Jul 2015 | 336pp
CILIP members price: £39.96
Classification is a crucial skill for all information workers involved in organizing collections. This new edition offers fully revised and updated guidance on how to go about classifying a document from scratch.
Essential Classification leads the novice classifier step by step through the basics of subject cataloguing, with an emphasis on practical document analysis and classification. It deals with fundamental questions of the purpose of classification in different situations, and the needs and expectations of end users. The reader is introduced to the ways in which document content can be assessed, and how this can best be expressed for translation into the language of specific indexing and classification systems.
Fully updated to reflect changes to the major general schemes (Library of Congress, LCSH, Dewey and UDC) since the first edition, and with new chapters on working with informal classification, from folksonomies to tagging and social media, this new edition will set cataloguers on the right path. Key areas covered are:
Readership: This guide is essential reading for library school students, novice cataloguers and all information workers who need to classify but have not formally been taught how. It also offers practical guidance to computer scientists, internet and intranet managers, and all others concerned with the design and maintenance of subject tools.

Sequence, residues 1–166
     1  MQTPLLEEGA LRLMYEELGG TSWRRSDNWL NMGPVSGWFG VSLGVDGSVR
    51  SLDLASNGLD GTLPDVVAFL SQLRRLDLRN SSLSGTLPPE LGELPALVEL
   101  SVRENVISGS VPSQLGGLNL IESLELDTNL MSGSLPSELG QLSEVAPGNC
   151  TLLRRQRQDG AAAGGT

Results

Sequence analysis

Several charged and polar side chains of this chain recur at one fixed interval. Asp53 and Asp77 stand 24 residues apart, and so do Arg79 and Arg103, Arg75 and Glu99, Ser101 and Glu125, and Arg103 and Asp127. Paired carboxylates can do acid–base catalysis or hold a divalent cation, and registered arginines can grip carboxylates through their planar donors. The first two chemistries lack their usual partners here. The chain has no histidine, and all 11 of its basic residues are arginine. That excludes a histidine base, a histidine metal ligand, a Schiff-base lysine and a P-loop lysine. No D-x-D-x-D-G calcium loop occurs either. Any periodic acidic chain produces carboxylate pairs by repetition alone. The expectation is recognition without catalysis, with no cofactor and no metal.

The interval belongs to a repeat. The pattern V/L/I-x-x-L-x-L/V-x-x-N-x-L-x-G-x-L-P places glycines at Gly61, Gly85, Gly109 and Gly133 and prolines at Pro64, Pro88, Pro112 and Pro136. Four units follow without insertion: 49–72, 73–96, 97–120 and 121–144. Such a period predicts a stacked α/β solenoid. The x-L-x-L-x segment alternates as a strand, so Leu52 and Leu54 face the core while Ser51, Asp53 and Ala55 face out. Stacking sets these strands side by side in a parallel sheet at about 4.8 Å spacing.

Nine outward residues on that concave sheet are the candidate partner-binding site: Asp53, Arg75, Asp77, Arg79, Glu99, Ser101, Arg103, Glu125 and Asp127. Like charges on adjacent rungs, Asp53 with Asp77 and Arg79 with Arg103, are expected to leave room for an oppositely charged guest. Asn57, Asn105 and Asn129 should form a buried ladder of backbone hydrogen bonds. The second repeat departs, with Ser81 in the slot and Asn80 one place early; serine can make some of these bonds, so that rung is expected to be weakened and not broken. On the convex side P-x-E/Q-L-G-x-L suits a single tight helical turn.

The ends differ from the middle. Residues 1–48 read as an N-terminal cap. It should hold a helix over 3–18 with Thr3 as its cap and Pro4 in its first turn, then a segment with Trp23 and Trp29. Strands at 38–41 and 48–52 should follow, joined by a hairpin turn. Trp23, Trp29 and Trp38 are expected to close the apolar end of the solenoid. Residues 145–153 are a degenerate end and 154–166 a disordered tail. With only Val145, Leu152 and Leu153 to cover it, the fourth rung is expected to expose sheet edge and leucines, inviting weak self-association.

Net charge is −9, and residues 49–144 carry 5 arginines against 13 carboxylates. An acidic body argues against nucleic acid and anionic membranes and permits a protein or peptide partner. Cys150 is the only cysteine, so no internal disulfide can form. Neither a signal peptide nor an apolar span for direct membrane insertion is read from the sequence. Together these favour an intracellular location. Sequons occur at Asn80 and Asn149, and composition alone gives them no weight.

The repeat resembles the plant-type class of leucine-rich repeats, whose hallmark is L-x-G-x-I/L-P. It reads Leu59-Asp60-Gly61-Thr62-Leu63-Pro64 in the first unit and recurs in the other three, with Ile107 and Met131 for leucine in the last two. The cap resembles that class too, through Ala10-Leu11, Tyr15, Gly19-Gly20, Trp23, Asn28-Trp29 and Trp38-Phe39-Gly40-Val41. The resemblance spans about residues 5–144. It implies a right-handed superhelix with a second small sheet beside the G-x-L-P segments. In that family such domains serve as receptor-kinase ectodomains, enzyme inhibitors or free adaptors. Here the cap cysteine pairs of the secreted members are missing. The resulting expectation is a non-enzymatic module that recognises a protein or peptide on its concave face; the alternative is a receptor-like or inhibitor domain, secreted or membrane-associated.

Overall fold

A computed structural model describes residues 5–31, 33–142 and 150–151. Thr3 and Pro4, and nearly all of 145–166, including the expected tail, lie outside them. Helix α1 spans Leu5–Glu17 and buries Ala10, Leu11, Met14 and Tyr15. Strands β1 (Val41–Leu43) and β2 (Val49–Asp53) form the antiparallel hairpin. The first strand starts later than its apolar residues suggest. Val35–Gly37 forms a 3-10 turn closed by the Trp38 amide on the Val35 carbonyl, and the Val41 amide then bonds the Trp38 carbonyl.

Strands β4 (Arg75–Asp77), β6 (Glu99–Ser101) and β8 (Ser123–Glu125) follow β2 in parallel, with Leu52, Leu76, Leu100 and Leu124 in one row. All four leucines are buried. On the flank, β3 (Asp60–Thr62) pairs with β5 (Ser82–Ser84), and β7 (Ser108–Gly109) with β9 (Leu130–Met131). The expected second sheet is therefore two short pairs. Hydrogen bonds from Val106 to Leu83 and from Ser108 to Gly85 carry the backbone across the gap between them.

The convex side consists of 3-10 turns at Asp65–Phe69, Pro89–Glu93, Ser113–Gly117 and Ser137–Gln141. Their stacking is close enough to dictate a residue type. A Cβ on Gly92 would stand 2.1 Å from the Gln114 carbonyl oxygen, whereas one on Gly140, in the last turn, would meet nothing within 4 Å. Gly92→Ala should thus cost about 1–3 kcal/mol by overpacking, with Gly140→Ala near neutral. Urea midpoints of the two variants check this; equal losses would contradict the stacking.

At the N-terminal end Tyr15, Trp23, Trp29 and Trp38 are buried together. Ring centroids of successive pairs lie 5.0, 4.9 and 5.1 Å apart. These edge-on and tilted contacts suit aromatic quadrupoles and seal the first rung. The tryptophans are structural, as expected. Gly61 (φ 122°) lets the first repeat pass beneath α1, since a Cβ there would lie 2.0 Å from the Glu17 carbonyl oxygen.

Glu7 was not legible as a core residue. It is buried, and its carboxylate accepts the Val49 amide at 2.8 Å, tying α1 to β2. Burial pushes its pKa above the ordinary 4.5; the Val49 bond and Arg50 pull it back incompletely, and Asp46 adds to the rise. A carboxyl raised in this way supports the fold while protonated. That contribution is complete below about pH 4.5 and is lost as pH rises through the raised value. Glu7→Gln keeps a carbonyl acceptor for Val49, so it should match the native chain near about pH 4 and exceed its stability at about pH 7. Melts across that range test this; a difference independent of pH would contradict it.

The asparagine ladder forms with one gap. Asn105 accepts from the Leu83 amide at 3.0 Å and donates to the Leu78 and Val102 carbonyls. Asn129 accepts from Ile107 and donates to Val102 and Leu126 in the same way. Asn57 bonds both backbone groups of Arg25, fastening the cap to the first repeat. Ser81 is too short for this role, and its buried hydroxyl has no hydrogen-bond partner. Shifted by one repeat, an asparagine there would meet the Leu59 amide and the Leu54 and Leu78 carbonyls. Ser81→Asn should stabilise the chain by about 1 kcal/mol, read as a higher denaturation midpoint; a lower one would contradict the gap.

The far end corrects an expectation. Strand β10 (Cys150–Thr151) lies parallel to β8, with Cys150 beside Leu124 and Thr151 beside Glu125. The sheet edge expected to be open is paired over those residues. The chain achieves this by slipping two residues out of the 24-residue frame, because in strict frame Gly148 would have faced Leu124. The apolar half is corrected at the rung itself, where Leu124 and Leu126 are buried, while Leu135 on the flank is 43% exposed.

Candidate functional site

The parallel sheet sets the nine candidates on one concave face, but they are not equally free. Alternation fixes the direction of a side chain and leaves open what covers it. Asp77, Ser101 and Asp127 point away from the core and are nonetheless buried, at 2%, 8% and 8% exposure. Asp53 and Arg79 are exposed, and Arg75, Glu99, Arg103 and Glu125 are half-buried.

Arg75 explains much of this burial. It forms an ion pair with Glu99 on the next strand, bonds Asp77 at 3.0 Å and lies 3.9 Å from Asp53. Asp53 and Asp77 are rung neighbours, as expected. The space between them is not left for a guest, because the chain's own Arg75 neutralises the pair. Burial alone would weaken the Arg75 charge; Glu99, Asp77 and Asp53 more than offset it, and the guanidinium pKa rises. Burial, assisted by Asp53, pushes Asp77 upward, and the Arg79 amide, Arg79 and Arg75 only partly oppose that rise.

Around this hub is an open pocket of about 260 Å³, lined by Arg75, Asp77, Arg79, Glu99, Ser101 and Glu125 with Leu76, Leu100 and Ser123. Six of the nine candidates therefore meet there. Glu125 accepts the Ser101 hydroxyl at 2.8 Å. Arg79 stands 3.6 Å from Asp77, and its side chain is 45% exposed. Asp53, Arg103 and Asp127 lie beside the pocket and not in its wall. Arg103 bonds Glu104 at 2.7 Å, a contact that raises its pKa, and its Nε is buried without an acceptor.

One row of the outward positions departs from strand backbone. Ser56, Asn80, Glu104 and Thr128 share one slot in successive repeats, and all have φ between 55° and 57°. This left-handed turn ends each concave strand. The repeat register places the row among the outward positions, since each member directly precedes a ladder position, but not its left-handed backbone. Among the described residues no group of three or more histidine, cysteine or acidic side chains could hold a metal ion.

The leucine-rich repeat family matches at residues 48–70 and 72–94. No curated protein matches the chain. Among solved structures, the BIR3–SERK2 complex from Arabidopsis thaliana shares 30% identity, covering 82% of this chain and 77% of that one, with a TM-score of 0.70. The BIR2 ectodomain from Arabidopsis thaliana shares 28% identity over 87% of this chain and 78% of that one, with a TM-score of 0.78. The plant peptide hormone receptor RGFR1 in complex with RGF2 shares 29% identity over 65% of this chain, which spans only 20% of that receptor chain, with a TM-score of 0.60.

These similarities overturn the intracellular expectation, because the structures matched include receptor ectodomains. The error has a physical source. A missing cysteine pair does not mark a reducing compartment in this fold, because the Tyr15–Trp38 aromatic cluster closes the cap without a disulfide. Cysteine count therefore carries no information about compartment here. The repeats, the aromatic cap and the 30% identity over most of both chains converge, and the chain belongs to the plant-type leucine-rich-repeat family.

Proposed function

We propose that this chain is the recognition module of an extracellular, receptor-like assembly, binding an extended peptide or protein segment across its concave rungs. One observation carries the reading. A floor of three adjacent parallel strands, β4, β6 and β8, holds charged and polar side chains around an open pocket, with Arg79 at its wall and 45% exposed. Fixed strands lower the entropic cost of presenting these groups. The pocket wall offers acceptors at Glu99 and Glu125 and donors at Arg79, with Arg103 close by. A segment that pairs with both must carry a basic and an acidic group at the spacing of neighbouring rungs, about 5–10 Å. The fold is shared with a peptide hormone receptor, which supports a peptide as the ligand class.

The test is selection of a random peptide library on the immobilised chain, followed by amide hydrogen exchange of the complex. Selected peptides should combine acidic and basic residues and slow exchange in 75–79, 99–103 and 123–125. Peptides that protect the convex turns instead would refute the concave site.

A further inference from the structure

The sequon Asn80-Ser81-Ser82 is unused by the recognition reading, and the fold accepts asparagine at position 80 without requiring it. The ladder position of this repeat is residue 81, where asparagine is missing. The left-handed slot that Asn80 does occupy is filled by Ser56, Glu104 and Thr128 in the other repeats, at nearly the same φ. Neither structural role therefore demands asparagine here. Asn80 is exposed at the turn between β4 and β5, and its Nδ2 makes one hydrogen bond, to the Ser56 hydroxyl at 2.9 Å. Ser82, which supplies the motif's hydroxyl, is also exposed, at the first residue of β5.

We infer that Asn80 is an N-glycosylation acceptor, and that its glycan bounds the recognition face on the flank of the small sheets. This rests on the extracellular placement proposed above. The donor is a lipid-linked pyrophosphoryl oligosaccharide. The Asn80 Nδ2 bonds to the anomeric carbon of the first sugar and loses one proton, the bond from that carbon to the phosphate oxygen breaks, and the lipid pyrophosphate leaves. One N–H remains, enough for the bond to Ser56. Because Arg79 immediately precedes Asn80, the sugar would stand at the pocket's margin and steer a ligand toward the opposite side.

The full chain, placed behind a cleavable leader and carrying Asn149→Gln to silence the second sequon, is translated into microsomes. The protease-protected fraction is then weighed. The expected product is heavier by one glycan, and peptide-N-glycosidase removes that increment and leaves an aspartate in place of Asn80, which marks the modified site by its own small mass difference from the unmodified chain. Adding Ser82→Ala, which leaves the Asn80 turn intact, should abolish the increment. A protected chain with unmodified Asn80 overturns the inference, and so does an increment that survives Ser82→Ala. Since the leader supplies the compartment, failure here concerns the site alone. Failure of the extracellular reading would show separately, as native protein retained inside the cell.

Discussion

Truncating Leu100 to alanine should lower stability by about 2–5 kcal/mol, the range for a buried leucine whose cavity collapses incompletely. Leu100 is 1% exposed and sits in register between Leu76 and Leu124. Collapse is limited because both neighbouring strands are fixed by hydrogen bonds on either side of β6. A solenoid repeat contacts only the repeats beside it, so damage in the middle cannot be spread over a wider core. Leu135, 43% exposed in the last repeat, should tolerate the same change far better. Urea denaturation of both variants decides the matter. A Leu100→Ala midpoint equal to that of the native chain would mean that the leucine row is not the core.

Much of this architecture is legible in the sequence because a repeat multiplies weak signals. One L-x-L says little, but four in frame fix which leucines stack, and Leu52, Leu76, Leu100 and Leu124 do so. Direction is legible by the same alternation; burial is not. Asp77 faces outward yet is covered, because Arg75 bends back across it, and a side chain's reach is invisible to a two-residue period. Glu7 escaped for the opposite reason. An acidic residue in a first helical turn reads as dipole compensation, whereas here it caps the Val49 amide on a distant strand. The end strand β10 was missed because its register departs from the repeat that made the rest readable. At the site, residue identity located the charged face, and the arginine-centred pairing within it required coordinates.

2. The need for classification
3. First principles of classification
4. The variety of classification: systems and structures
5. The classification scheme: internal structure
6. Types of classification scheme
7. Order in the classification scheme
8. Content analysis 1: document description
9. Content analysis 2: practical constraints
10. Controlled indexing languages
11. Word-based approaches to retrieval
12. Library of Congress Subject Headings 1: basic headings
13. Library of Congress Subject Headings 2: structured headings
14. Classification scheme application
15. Library of Congress Classification 1: basic classmark construction
16. Library of Congress Classification 1: use of tables
17. Dewey Decimal Classification
18. Universal Decimal Classification 1: general properties and basic number building
19. Universal Decimal Classification 1: auxiliary tables
20. Faceted classification
21. Managing classification.
"The book’s greatest strengths are its focus exclusively on classification (i.e. without the descriptive cataloguing element), a strong theoretical component, and greater focus on UDC. The additional inclusion of profuse examples, exercises (with answers), and bulleted summaries makes the book useful as an introductory library science text, a self-learning manual, or a refresher."
"... an exemplary introduction to library classification. Broughton writes with uncommon lucidity and clearly understands how to make her subject come alive with interesting and engaging examples. An indispensable guide to neophyte cataloguers and classifiers, this book is highly recommended for libraries collecting in library and information science."
- Thomas M. Dousa, Catholic Library World
"...this lucid book of classification knowledge in pellucid prose and engaging style can easily be described as the best one as of today."
- M.P. Satija, Knowledge Organization
"Broughton’s book is an essential resource for library science students interested in cataloging and metadata, as well as an asset to librarians and staff in a cataloging or metadata department."
- Technical Services Quarterly